Tuesday, February 25, 2014

Day 100


I left my Dr. Bronner's in Policoro. But the campground caretaker was happy to provide me with an extra half used bottle of his. He also gave me salt for my pasta, which I cooked over the fire.

It may have been the first time he'd seen a camper cook over a fire. It was the sort of campground that pandered to folks who could bring their own kitchens.

The caretaker was a little concerned. What if I accidentally burnt his woodsy RV parking lot down?

“It's okay. I'm a ranger.” I told him, almost truthfully.

He visibly relaxed.

While it was likely this campground had never seen a fire before, it had certainly never seen an NPS federal law enforcement (almost) ranger before. I was a good guest to have.

Tuesday the wind was too strong and the waves too high. Wednesday the wind was ferocious and the waves rushed at the shore in packs of destruction. Thursday things began to calm down.

This morning I launched. I brought my gear down to the micro harbor. The caretaker opened the back gate for me and told me to make sure it shut behind me. He didn't want his dogs to get out.

I had gotten to know his dogs over the last few days. They loved the caretaker and followed him around. They didn't strike me as very smart. The dogs were really scared of me. When I offered to let them clean my empty tuna cans, they didn't approach. I left the cans and when I came back they were gone.

I made a number of trips down to the water, each time remembering to close the gate behind me, except for the last.

The caretaker came down to see me off. He noticed the gate was open and pointed it out to me. Only one of his dogs was with him, so he assumed the other had run away. He stood at the gate and hollered and whistled.

I had seen him try to call the dog the day before, with no luck.

I walked down the path between the campground fence and the water. I didn't see the dog. I walked down it the other way, and didn't see the dog there either. With a million new smells to stop and sniff, she couldn't have gone far.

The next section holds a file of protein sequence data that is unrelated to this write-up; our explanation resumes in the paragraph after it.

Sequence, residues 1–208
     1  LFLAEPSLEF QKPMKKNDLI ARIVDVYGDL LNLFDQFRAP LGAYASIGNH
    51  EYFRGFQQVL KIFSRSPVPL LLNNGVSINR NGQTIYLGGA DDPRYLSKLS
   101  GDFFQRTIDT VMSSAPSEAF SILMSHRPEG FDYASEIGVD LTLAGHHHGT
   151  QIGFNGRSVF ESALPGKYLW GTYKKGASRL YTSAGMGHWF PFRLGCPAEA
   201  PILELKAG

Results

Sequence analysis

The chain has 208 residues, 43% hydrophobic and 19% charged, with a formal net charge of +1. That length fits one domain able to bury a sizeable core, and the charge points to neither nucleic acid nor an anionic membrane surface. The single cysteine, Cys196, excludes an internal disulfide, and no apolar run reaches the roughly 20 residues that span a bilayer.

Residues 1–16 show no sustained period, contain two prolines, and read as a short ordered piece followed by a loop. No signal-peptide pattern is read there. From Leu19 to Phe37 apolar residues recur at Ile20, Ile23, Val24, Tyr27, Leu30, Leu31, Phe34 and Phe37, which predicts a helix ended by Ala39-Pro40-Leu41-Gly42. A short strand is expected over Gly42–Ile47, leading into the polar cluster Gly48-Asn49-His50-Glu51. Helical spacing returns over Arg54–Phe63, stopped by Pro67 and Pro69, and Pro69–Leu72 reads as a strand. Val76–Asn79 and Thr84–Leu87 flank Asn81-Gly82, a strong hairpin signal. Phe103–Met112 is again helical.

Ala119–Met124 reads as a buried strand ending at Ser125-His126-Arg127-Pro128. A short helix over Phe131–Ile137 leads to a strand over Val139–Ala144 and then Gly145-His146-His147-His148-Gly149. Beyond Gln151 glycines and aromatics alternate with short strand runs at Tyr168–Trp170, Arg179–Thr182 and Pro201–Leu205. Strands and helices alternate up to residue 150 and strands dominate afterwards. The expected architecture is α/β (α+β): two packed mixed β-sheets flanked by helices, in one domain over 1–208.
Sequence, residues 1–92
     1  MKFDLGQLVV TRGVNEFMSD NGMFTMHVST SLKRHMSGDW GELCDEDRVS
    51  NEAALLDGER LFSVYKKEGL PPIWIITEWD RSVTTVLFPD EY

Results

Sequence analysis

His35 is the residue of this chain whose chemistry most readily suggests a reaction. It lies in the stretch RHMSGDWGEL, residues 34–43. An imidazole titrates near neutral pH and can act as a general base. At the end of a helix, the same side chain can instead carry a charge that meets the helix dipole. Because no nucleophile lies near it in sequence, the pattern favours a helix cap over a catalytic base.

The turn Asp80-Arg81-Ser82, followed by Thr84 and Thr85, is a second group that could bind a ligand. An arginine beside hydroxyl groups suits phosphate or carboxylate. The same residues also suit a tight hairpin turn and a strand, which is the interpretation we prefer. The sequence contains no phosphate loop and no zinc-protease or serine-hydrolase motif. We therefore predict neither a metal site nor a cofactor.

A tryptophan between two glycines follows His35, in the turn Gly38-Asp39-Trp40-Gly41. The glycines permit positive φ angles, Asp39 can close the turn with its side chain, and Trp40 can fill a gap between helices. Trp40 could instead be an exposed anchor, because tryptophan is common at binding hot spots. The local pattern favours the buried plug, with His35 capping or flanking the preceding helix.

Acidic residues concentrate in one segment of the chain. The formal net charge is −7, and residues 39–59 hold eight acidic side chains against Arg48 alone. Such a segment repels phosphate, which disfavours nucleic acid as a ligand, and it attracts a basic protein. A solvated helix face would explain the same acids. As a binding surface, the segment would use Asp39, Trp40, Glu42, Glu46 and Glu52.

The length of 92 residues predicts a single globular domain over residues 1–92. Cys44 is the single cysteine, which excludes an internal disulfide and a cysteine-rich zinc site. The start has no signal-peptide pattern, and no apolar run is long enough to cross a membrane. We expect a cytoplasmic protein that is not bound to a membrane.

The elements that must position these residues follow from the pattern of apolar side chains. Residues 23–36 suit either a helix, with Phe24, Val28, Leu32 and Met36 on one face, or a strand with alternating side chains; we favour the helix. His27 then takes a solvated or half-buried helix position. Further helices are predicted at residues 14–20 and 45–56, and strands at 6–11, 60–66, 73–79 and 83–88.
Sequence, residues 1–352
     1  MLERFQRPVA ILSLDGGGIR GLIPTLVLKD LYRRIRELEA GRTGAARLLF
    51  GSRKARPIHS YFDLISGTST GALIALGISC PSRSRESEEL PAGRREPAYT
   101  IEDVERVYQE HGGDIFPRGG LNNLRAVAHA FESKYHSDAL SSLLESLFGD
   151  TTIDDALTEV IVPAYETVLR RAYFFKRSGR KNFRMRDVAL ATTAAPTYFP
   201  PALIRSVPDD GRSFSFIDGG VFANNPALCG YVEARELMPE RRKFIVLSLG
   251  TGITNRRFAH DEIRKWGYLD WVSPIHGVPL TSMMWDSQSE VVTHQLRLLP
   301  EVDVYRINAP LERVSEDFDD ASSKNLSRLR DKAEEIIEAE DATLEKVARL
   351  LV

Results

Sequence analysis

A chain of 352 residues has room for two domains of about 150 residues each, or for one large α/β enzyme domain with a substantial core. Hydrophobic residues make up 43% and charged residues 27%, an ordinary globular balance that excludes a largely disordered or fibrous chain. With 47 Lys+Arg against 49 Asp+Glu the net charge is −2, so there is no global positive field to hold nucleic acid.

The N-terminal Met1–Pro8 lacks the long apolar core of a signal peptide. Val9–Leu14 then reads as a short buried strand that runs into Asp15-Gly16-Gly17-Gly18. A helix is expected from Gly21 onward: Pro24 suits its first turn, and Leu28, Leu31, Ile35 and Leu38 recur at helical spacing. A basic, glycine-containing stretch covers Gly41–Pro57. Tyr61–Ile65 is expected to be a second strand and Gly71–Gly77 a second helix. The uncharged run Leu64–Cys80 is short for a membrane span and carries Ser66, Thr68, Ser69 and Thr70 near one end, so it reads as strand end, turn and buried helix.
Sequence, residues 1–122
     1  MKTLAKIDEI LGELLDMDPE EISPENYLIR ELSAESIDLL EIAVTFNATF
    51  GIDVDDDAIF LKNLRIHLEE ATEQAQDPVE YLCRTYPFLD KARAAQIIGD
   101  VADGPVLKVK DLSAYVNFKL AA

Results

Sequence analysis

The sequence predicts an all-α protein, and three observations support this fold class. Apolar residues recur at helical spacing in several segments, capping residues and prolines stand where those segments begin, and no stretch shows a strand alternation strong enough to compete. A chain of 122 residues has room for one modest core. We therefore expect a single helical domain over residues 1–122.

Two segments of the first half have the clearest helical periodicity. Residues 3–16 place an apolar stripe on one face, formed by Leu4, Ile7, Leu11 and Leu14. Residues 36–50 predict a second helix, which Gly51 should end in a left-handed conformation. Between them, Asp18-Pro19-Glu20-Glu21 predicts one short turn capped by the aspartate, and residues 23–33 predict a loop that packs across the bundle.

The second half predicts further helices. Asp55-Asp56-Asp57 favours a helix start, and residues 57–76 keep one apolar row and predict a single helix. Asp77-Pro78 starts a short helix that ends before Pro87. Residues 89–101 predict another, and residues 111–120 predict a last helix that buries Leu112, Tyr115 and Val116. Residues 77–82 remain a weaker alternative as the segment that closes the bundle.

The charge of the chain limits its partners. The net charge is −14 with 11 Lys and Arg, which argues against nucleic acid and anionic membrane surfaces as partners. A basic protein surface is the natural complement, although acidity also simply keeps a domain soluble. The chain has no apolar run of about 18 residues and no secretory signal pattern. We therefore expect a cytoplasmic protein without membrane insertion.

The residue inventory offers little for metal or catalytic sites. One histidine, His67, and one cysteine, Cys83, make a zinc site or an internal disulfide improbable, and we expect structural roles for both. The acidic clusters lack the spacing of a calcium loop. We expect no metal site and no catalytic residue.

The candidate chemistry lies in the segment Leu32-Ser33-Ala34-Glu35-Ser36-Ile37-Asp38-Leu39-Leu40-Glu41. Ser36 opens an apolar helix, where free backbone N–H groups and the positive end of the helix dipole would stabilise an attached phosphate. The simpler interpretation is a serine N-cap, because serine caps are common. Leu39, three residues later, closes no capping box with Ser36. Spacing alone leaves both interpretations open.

I asked the caretaker if he had actually seen the dog leave.

No he hadn't, but I didn't need to worry about it. It wasn't my problem. He went back to calling and whistling.

“It is my problem.” I told him.

I went into the campground and found the dog. She was looking in the direction of all the commotion and seemed to be saying “You, call me? Ha, that's a laugh. If you want to talk to me you'll have to come here!”

With considerable cajoling I got her to follow me to the caretaker. He relaxed and took pictures of me while I launched.

The waves were forecast for about a meter and half in the morning and a meter in the afternoon. The wind force four in the morning and calm in the afternoon. The conditions were not great, but they were good enough to make it the 12 miles to Campomarino.

The shore was mostly lined with porous jagged rocks that rose a sharp meter out of the sea. There were lots of inlets, though none nearly as well protected as the campground's.

The waves were rough but tolerable.

After an hour I found and pulled into a little inlet naturally surrounded by chunks of the porous gray rock. There were six or seven row boats on the beach. The small natural harbor was well used.

Protected as I was from the unbalancing waves by the natural seawall, I peed, had a snack, and checked my progress on the GPS. The sea was too rough for me to be comfortable resting my paddle.